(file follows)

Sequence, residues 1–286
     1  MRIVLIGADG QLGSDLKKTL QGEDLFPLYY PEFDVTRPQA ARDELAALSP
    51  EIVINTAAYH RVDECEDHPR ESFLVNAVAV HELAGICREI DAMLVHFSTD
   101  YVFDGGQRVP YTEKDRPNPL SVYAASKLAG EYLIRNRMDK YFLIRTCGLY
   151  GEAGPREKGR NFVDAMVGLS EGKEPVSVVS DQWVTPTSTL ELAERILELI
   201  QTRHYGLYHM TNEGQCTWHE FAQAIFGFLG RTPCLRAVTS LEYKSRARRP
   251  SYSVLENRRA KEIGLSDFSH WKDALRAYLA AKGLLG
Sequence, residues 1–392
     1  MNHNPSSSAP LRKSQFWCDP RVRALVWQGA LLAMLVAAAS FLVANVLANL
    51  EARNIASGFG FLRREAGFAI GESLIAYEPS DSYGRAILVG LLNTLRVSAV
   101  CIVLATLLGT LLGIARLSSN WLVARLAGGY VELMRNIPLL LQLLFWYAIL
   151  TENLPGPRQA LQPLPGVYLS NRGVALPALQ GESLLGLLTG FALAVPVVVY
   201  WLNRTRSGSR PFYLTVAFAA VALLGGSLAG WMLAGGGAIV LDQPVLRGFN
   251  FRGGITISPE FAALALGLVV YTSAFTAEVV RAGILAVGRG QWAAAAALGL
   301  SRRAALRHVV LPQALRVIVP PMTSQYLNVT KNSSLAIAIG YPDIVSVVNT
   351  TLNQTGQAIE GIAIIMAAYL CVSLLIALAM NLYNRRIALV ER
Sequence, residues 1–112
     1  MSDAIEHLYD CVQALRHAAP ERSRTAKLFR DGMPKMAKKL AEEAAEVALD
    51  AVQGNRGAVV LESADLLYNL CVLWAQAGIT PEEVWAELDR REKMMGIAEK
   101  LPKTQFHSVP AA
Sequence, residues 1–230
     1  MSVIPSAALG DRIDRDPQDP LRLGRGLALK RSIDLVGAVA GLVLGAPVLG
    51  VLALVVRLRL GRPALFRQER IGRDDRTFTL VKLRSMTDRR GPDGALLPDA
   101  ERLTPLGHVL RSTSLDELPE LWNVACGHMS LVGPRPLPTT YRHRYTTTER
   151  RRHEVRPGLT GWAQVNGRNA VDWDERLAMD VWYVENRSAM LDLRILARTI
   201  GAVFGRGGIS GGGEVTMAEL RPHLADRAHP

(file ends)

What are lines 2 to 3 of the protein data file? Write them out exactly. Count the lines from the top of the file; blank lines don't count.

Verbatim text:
     1  MRIVLIGADG QLGSDLKKTL QGEDLFPLYY PEFDVTRPQA ARDELAALSP
    51  EIVINTAAYH RVDECEDHPR ESFLVNAVAV HELAGICREI DAMLVHFSTD